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Jorge Almeida, Petra Pajtas, Bradford Mahon, Ken Nakayama, Alfonso Caramazza; Turning neutral to negative: subcortically processed angry faces influence valence decisions. Journal of Vision 2010;10(7):694. doi: https://doi.org/10.1167/10.7.694.
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© ARVO (1962-2015); The Authors (2016-present)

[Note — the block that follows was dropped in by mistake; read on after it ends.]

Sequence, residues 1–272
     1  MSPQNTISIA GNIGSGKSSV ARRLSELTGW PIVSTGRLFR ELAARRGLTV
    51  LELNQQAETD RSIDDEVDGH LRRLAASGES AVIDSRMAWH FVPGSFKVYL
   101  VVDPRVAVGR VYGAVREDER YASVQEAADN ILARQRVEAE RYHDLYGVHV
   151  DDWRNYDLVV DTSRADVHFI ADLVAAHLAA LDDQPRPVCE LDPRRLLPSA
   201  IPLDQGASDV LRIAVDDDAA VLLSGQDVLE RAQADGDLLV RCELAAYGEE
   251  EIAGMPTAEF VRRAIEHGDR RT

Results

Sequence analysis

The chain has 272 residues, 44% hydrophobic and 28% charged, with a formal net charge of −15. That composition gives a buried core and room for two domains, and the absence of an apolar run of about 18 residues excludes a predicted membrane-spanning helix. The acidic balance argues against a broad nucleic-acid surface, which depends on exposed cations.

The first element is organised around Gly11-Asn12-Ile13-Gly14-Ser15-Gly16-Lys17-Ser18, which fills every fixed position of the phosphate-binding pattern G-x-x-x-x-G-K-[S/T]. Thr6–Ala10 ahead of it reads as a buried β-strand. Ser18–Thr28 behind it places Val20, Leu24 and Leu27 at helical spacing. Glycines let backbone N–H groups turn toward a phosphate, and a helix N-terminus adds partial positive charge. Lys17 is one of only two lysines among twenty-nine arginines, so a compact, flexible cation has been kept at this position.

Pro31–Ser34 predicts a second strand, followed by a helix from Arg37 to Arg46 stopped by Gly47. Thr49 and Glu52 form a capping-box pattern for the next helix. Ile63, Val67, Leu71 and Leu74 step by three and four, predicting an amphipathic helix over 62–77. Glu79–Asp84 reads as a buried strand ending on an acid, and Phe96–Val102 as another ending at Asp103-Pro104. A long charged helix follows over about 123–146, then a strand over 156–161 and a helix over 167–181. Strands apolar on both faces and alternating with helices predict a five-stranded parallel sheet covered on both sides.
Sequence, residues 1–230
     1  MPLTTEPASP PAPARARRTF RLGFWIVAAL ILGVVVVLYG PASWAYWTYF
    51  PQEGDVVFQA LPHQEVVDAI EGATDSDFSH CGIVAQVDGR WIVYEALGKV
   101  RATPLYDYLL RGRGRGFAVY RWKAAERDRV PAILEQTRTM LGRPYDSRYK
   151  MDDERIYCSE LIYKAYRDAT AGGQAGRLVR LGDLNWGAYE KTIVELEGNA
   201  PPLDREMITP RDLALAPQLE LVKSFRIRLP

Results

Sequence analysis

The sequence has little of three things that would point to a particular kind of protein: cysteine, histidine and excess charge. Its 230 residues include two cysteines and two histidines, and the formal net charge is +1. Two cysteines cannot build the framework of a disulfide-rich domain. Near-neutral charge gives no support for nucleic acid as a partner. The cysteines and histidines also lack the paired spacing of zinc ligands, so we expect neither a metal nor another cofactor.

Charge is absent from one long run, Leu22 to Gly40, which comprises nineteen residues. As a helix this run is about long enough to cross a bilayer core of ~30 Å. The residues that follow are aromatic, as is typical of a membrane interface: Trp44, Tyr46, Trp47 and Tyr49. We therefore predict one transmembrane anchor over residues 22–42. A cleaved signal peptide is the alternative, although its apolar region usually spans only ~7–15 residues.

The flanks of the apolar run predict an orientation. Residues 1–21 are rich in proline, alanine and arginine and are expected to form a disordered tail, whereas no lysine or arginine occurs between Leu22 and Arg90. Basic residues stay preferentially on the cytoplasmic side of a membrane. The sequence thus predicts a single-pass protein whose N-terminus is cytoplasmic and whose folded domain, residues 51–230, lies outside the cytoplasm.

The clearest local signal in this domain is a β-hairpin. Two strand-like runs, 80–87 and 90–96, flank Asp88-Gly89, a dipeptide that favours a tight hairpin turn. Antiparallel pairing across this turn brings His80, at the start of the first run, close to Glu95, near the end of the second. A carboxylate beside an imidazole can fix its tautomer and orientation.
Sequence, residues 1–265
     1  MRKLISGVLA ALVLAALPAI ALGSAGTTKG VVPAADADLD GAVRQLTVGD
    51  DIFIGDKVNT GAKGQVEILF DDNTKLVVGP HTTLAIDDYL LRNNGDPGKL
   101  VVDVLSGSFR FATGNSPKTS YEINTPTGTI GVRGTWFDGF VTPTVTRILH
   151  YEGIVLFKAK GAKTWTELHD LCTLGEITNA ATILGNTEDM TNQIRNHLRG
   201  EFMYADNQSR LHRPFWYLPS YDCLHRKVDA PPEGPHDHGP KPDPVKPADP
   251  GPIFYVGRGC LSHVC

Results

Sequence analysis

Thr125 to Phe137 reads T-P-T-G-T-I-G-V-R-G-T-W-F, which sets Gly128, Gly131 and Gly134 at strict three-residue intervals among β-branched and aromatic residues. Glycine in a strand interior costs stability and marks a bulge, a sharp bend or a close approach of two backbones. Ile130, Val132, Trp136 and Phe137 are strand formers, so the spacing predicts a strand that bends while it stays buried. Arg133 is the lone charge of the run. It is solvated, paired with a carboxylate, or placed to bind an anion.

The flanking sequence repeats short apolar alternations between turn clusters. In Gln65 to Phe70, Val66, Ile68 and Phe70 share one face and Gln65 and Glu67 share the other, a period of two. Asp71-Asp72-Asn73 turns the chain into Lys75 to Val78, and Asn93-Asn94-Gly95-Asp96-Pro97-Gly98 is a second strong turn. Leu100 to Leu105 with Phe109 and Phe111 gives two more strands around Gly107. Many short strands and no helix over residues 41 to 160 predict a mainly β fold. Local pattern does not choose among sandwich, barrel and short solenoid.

Fast, efficient detection of potential danger is critical to ensure the survival of an organism. In rodents, this ability is supported by subcortical structures that bypass slow but highly detailed cortical visual processing areas. Similarly, anatomical tracing and functional neuroimaging studies in human and non-human primates suggest that limbic structures responsible for emotional processing, such as the amygdala, receive input from the retina through subcortical structures, as well as through cortical visual areas. Whether outputs from this subcortical pathway can support perception of emotionally laden stimuli and influence cognitive-level decisions, independently of cortical input, is not known. Here we show that information delivered by the subcortical pathway to the amygdala modulates emotional processing. In Experiments 1 and 2, emotional faces were rendered invisible using an interocular suppression technique (Continuous Flash Suppression; CFS), that prevents visual information from reaching the amygdala via the geniculate-cortical pathway, favoring instead the use of subcortical structures. In these experiments, likeability judgments over novel neutral stimuli (Chinese characters) were modulated by invisible pictures of angry but not happy faces. In Experiment 3, the same emotional faces were rendered invisible through backward masking (BM). BM is a visual masking technique that allows visual information to reach inferior and ventro-temporal regions, which can then serve as afferents to the amygdala alongside subcortical afferents. In this experiment, happy and angry faces modulated the likeability judgments. This valence-specific effect fits well with the extant literature on the role of the amygdala in threat detection. It also suggests that subcortical processing may be specifically tuned to threat detection processes. The coarse information processed by the subcortical pathway from the retina to the amygdala may prevent potential threatening events from going unnoticed by enhancing arousal levels and directing attentional resources to areas of interest for further detailed geniculo-striate cortical processing.
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